By default, the system uses the User-Agent string from the HTTP header to determine the client OS. The platform information from JavaScript or the OS fingerprinting from the TCP/IP handshake can also be used to determine the client OS. This enhanced OS fingerprinting feature is intended to prevent users from changing identification of their client operating systems through manipulating HTTP information. Note that this is a "passive" detection technique (accomplished without Nessus) that only inspects the TCP handshake and is not impacted by the presence of a personal firewall.

Additionally, "Current Version of OS Detection Fingerprint" updates are downloaded via the Device Management > Clean Access > Updates interface. Updates to OS Detection Fingerprints (or signatures) are made as new operating systems become available for Windows machines. See the Cisco NAC Appliance - Clean Access Manager Installation and Configuration Guide, Release 4.6(1) for additional details.

If the client is wrongly classified as Windows OS, you can submit the client IP address under Display OS Detection Signatures to display the TCP/IP stack signature stored for the client on the CAM. When troubleshooting, the TCP/IP Stack Signature result can copied/pasted for inclusion in the customer support request when contacting Cisco TAC.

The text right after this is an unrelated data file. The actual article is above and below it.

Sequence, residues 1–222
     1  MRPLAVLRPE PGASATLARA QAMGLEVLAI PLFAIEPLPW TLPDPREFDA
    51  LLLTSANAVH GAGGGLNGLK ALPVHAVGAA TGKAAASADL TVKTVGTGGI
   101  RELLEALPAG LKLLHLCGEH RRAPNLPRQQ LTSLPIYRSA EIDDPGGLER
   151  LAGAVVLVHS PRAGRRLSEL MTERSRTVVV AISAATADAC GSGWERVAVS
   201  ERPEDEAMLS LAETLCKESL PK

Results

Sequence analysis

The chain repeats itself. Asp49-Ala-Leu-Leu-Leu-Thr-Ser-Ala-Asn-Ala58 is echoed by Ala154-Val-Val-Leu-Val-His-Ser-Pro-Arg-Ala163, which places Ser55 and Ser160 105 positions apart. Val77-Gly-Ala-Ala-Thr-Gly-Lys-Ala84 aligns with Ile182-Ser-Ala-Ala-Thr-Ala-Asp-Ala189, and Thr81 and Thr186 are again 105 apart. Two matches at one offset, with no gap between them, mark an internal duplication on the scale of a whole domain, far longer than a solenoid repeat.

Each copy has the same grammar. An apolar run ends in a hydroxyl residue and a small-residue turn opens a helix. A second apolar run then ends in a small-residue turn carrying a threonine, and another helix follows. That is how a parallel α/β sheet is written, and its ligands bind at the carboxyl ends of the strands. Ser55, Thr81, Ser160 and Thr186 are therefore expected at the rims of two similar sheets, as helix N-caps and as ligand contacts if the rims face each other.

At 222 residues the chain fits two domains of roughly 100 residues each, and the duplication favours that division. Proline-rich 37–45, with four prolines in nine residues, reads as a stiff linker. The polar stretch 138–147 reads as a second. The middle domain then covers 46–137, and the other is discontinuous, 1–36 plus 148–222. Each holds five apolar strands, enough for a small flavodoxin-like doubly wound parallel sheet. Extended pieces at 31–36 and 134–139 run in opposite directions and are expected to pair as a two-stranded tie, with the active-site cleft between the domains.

NoteThe OS detection/fingerprinting feature uses both browser User-Agent string and TCP/IP stack information to try to determine the OS of the client machine. While the detection routines will attempt to find the best match, it is possible that the OS may be detected incorrectly if the end-user modifies the TCP/IP stack on the client machine and changes the User-Agent string on the browser. If there is concern regarding malicious users evading the OS fingerprinting/detection mechanisms, then administrators are advised to use network scanning in order to confirm the OS on the machine. If, for any reason, it is not possible or not desirable to use network scanning, then network administrators should consider pre-installing the Agent on client machines or requiring users to log in using the Cisco NAC Web Agent.